Turning to FIG. 2, another feature of the present invention is illustrated wherein a particular neuron, say neuron block 20, is selected by the mouse device with a point and click action. Upon execution of a second command keystroke, the neuron blocks feeding the input of neuron block 20 are revealed. The neurons not connected to the inputs of neuron block 20, i.e. neuron blocks 12, 14, 16, 18, 20, 22, 24, 26 and 28, remain clear or neutral, while neuron blocks 30, 32 and 34, each having an output signal applied to an input of neuron block 20, are background shaded according to the level of learning. The size and shade of the inner box of neuron blocks 30, 32 and 34 represents the magnitude and polarity of synaptic connection, respectively. That is, the shaded inner boxes of neuron blocks 30, 32 and 34 actually reflect the magnitude and polarity of the synapses associated with neuron block 20. Thus, the output signal of neuron block 30 is received by a moderate positive synapse of neuron block 20, and the output signal of neuron block 32 is applied to a similar positive synapse, while the output signal of neuron block 34 is received by a small negative valued synapse of neuron block 20. Neuron block 20 is typically highlighted or outlined to illustrate that the information on the computer screen applies thereto. With additional color and shading techniques it is possible to select more than one neuron block to illustrate its interconnection and relative weighting within neural network 8. Hence, the simulation software displays one or more neuron blocks of interest upon command with the associated synaptic weighting and interconnections relative to the other neuron blocks. This method of display retains the connectivity relationship unlike some neuron network simulators of the prior art such as disclosed in NETtalk: A Parallel Network that Learns to Read Aloud, by Terrence J. Sejnowski, 1986, also commonly referred to as "Hinton" diagrams, which show weights in an arbitrary matrix with no direct connection information.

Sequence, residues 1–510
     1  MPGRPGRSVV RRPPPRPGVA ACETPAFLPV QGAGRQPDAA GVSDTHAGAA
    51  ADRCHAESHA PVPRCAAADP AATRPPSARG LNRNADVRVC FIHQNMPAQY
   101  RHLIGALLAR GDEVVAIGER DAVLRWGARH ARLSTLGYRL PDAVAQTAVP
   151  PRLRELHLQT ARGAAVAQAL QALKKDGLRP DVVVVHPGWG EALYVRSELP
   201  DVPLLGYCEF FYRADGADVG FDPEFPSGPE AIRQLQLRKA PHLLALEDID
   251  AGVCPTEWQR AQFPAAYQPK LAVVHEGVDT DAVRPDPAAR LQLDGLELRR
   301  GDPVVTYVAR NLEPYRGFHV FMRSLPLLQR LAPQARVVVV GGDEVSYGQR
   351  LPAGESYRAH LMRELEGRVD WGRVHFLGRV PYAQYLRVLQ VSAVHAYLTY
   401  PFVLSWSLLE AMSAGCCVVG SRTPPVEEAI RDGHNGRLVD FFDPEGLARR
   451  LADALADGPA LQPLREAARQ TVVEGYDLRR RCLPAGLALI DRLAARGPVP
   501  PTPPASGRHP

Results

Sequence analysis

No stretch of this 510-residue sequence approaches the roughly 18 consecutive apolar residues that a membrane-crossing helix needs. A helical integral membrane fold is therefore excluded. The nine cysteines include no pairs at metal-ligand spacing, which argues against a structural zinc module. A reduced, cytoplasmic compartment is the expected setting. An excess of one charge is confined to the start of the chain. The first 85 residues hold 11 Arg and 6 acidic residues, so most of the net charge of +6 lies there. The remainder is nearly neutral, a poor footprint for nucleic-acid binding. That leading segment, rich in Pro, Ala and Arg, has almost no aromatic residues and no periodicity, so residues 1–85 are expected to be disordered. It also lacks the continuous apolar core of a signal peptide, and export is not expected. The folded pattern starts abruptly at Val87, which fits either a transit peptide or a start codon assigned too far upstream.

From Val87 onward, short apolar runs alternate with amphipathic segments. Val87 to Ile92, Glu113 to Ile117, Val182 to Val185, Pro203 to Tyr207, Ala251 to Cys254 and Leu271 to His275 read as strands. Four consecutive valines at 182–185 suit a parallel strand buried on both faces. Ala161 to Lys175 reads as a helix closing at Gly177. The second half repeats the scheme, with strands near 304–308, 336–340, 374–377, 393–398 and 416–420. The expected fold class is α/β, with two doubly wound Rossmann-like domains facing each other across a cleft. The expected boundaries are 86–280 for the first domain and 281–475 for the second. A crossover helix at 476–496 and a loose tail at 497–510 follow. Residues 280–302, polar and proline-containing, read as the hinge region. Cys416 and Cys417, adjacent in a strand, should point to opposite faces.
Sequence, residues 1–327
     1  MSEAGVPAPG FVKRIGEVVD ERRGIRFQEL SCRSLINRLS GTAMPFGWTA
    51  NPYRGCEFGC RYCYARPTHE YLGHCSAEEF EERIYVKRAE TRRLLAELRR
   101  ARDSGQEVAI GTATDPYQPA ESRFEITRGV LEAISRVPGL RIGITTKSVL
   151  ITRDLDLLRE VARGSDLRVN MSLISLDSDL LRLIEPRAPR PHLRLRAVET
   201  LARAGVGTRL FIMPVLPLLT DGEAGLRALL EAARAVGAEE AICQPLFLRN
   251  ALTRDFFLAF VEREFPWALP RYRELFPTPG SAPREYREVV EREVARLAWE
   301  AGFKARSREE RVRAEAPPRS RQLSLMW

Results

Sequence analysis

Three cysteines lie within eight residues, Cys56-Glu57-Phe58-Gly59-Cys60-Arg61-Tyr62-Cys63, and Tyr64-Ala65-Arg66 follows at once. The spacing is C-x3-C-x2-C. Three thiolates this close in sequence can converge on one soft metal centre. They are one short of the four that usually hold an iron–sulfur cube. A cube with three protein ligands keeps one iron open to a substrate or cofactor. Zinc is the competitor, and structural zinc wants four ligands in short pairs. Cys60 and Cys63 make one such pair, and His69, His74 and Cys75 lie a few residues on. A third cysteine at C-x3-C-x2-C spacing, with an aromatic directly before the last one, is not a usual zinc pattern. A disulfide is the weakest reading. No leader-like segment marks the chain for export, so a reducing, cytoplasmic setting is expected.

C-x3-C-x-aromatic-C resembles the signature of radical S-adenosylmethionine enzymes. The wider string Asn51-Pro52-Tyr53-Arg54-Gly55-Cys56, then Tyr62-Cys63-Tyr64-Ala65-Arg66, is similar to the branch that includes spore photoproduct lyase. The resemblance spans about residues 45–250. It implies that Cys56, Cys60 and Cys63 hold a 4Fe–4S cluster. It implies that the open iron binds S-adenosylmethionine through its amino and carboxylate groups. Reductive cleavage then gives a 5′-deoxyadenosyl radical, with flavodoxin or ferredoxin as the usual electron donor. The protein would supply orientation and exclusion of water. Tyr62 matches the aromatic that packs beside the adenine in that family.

In other cases it would be desirable to see the weights of every neuron block but not necessarily the associated connectivity to the other neuron blocks. Accordingly, upon selecting a third command, an illustration such as shown in FIG. 3 is displayed on computer terminal 10. The magnitude and polarity of each synapse is shown within every neuron block providing the user with a network-wide picture of the synapses albeit without the connectivity information. Again, it would be desirable to show different background shades to indicate states of learning for each neuron block. Neuron blocks 14, 20 and 26 exhibit a relative high state of learning, while neuron blocks 12, 16, 18, 22, 24, 28, 30, 32 and 34 are essentially untrained as shown from the background shading. The display terminal 10 of FIG. 3 discloses three different negative polarity synapses for neuron block 12, and one negative and two positive synapses each of approximately the same magnitude for neuron block 14. Neuron blocks 16-34 include associated synapses as shown. This is in contrast to FIG. 2 wherein the synapses of neuron block 20 are illustrated in the inner boxes of the neurons providing input signals for neuron block 20, i.e. neuron blocks 30-34, in order to establish connectivity therebetween. The two positive and one negative synapses shown in neuron blocks 30-34 of FIG. 2 are moved into neuron block 20 of FIG. 3. Again, the connectivity information between neuron blocks 30-34 and neuron block 20 as provided in FIG. 2 is not carried over into FIG. 3, although the latter provides a tuning curve with more information on the polarity and magnitudes of the synapses for each neuron block at a glance. Neuron blocks 30-34 remain as shown in FIG. 2 since the tuning curve typically applies to one logical group of neurons at a time.